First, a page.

You’ve likely seen Alexa in the news quite a bit lately, with people reporting that Alexa is just plain creeping them out. Amazon’s smart assistant has been laughing at people randomly, which is of course very strange (and has caused some to wonder if Alexa is becoming sentient).
No worries, though―Amazon has a good explanation for Alexa’s random bursts of laughter. And on top of that strange news, Alexa has also been improved recently for other reasons (aside from trying to keep her from terrifying people in their homes). Here’s an update on what you need to know about Alexa this week.
Amazon explains Alexa’s creepy laughter
As you may have already heard, Alexa has been freaking people out by laughing at random. Amazon has now responded and described their fix. The Verge has reported that Amazon is aware of the problem and working on a way to fix it. Amazon plans to change the way that Alexa is commanded to laugh. Alexa will now be asked if she can laugh instead of being told to. The point of this change is to make it less likely for Alexa to accidentally think she’s been told to laugh, which is seemingly what has been causing her odd laughter.
Alexa’s random laughter has been a hot topic for days, with even Jimmy Kimmel getting in on it and poking fun on Jimmy Kimmel Live.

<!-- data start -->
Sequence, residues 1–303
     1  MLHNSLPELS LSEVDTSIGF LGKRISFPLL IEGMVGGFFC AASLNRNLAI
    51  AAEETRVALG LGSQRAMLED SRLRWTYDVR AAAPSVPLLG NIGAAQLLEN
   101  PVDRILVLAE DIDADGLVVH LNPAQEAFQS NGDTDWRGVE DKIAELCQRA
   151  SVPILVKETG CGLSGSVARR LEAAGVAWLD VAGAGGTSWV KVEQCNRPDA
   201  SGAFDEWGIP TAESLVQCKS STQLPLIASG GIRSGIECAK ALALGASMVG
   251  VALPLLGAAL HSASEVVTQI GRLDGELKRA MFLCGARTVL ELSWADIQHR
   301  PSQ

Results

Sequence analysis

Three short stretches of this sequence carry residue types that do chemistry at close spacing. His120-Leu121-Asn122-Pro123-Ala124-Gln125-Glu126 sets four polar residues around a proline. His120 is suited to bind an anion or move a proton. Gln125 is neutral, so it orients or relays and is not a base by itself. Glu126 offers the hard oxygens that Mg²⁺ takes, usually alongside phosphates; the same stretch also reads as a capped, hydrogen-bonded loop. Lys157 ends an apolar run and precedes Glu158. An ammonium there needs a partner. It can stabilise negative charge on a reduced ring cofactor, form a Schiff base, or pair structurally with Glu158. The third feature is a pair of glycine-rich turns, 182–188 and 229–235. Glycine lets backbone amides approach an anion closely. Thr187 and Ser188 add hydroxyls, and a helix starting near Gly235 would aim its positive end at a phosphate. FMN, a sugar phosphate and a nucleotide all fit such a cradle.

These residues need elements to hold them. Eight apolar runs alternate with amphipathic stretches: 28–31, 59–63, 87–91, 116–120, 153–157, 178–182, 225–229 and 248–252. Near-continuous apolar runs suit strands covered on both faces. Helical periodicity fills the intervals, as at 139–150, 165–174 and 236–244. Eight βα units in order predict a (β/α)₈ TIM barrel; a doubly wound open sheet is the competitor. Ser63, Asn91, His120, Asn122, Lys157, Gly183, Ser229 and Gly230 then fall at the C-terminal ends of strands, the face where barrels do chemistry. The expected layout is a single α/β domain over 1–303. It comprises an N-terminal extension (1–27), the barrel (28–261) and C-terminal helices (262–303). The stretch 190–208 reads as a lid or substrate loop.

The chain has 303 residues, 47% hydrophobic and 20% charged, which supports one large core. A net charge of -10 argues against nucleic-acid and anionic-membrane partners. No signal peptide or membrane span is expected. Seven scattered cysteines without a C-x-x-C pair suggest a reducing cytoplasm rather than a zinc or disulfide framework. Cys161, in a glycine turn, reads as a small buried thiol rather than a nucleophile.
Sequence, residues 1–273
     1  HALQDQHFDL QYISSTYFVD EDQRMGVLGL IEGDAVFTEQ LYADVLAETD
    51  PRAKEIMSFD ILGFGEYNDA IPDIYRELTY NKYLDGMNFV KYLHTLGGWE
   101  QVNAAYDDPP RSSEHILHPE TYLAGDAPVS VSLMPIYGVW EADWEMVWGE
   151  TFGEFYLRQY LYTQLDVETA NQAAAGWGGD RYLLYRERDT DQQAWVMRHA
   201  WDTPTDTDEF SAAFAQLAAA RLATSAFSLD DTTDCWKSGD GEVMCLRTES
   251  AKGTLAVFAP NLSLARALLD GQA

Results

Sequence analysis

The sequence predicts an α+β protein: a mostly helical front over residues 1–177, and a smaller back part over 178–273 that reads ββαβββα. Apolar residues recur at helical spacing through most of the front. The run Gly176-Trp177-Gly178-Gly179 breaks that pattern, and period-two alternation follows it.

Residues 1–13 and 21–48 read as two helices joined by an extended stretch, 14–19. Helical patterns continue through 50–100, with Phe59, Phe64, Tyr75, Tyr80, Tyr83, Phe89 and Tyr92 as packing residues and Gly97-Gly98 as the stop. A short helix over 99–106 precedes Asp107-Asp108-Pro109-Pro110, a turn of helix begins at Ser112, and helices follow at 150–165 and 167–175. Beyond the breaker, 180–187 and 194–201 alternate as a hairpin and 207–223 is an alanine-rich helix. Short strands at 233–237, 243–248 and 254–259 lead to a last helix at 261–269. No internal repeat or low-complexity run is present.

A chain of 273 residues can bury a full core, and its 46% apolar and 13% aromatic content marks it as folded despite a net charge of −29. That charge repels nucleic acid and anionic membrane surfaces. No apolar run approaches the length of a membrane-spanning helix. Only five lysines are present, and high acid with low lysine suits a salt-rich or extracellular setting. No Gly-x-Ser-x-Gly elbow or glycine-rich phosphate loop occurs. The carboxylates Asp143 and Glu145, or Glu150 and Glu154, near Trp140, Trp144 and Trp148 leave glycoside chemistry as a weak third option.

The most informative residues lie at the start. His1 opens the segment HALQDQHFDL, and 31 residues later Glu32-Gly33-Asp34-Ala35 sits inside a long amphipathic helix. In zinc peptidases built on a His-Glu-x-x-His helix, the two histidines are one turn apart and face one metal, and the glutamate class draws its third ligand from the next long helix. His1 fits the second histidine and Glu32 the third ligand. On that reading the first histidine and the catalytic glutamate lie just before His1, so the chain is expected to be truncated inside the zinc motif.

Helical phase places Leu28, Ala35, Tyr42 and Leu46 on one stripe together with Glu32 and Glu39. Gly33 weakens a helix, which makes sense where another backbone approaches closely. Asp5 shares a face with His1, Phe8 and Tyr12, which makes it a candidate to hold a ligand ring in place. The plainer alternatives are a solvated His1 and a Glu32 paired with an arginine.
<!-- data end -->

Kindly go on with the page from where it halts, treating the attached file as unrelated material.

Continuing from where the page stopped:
Alexa can now understand your music requests better
Alexa will now be able to play your music by responding to more casual and natural prompts. According to The Verge, you’ll now be able to ask Alexa to play music based on things you’ve listened to in the past. For instance, you can ask to hear music you listened to at a certain point in the past, like if you played a certain playlist a month ago. These prompts only work with Amazon Music, not with other services like Spotify or Pandora.
Alexa Skills Kit sound library now available for developers
Skills developers now have an added tool for creating their skills: the Alexa Skills Kit sound library. Amazon announced in a blog post that the sound library was now available. They note that there are hundreds of sounds available to incorporate into a skill. The blog post also describes how to go about adding these sounds from their 14 different categories.